By Paula Bernstein | Indiewire March 21, 2014 at 11:36AM
Usually when filmmakers turn to crowdfunding, they're looking for backing to make a film, but in the case of veteran indie director Alexandre Rockwell ("In The Soup"), he turned to Kickstarter after his latest film "Little Feet" premiered at the Toronto Film Festival and was picked up for distribution by Vimeo as part of its deal with the TFF. When it screened at The Museum of the Moving Image's "First Look" screening series, our chief film critic Eric Kohn reviewed the one hour black and white film, dubbing it "the first great movie of 2014." Indie distributor Factory 25 then stepped up to distribute the film theatrically (it's unclear when and if the film will be available on Vimeo).
The catch is that the distribution deal is contingent on Rockwell being able to pay for music rights as well as other post-production expenses such as final sound mix, color correction, art work and title design and legal fees and insurance.
Through his recently launched Kickstarter campaign, Rockwell is looking to raise $35,000. On the film's Kickstarter page, Rockwell explains: "If the film does not make its goal, it will not be seen. It is as simple as that. The film has been shot, edited, gone to top festivals and benefited from strong support in the press. Still, even with all the positive response it will be a challenge. We have a distribution deal but we still need to deliver the goods. That includes clearing the music, color correction and all the dialogue lists and things necessary for those outside the U.S. to see it. I have been making films for most of my life and sunk my last pennies into this project. Now, it's just the home stretch."
Rockwell told Indiewire that the film cost about $11,000 to make and post-production will probably add up to $30,000. "The post-production of the film is more expensive on this film. We're not looking for a lot of money, but in terms of what it costs to shoot, it's three times as much," said Rockwell, who co-wrote the script to "Little Feet" with his then 8-year-old daughter Lana, who also stars in the film alongside her little brother Nico. Reminiscent of Morris Engel's classic "The Little Fugitive," "Little Feet" is a sweetly soulful look at childhood -- as an escape from the harsher realities in life.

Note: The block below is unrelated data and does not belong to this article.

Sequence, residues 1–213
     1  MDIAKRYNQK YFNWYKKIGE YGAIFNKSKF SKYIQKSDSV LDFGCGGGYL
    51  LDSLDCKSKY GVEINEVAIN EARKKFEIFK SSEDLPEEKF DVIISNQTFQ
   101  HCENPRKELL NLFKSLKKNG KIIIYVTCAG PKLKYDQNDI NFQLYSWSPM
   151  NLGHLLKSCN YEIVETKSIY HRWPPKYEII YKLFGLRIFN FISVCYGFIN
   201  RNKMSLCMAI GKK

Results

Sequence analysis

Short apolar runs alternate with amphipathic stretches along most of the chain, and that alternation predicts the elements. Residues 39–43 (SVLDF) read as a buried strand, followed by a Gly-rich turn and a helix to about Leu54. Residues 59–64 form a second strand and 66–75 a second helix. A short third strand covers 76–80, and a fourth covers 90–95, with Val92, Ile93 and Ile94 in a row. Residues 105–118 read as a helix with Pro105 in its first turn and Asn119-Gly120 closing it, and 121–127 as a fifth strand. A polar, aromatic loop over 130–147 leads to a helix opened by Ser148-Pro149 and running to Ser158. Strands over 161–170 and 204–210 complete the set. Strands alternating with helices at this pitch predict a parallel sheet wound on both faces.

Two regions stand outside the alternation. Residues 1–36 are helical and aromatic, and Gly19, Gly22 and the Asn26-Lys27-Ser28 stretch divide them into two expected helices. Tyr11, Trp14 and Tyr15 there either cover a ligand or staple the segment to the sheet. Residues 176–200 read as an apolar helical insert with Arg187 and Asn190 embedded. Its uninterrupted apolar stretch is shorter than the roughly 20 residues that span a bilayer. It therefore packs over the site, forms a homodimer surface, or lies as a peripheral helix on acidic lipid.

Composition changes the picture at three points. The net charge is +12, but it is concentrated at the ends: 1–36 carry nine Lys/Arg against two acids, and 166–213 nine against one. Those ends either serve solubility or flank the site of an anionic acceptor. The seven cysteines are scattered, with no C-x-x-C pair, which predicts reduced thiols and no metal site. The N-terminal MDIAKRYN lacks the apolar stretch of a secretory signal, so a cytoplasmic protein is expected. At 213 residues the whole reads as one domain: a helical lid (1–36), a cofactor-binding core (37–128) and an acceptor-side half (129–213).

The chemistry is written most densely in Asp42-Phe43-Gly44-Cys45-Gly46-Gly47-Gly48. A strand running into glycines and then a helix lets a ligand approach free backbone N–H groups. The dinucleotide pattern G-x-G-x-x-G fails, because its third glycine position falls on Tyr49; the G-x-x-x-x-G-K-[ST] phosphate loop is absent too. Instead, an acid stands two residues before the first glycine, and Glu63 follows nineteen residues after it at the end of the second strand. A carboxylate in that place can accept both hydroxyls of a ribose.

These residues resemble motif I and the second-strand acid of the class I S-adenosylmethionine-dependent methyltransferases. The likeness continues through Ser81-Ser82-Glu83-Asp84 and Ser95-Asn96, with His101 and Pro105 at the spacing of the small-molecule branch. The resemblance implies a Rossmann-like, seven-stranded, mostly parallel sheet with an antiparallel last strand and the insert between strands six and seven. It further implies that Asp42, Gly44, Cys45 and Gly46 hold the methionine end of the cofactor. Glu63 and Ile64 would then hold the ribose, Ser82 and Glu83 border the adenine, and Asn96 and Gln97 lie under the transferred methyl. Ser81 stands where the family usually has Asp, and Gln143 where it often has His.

"I financed the film myself, literally breaking open my kids' piggy banks. It never dawned on me to do crowdfunding," said Rockwell. That is until his graduate students at NYU, where he teaches, encouraged him to give it a shot. "When I finally finished the film and got it out to festivals and got some good reviews, I realized the film had a resonance and was resounding with people. It's a simple film, but it seems to be making friends. I never imagined it would have a theatrical possibility or any kind of real distribution."
Theatrical distributors generally avoid films that are only an hour in length, but Factory 25 plans to pair "Little Feet" with Frances Bodomo's "Boneshaker," the Sundance short which stars Quvenzhané Wallis ("Beasts of the Southern Wild."
Making "Little Feet" was a return to basics for Rockwell, who was a major figure in the indie film community in New York in the 80s and 90s, who collaborated with Allison Anders, Robert Rodriguez, and Quentin Tarantino on "Four Rooms."
"I wanted to make a really simple first film -- almost do a film with no ambition whatsoever in terms of industry or career or anything like that. I just wanted to get back to the most simple joy of film. I always had a soft spot for the early "Our Gang" stuff, so I just thought let me put on a show. That was the essence of the thing," said Rockwell who described "Little Feet" as "'The Little Rascals' meets 'Killer of Sheep.'"
When it came time to crowdfund, Rockwell called in favors from his longtime collaborators, Steve Buscemi, Rosie Perez, Peter Dinklage, Fisher Stevens, Alison Anders and Sam Rockwell. "There's nobody known in my movie and little kids don't usually have a lot of money. I couldn't play that angle, so I had to basically look - I've been around for a while and have a lot of close friends who are really well known and have been collaborators and they love the movie and they support it. I'm very touched that they support me and see the value in my making a film and getting it out there," said Rockwell.
Kickstarter rewards for the film include a voicemail from Perez, Face Time with Anders and a coffee Skype session with Dinklage.
"I really do believe if my mentor John Cassavetes were around today, he would have been doing crowdfunding," said Rockwell. "He used to make his films by acting in movies. He financed them himself. I think crowdfunding would have been the way he would gone. I think it's exciting. If it works, it's great."
Check out the campaign video for "Little Feet" below: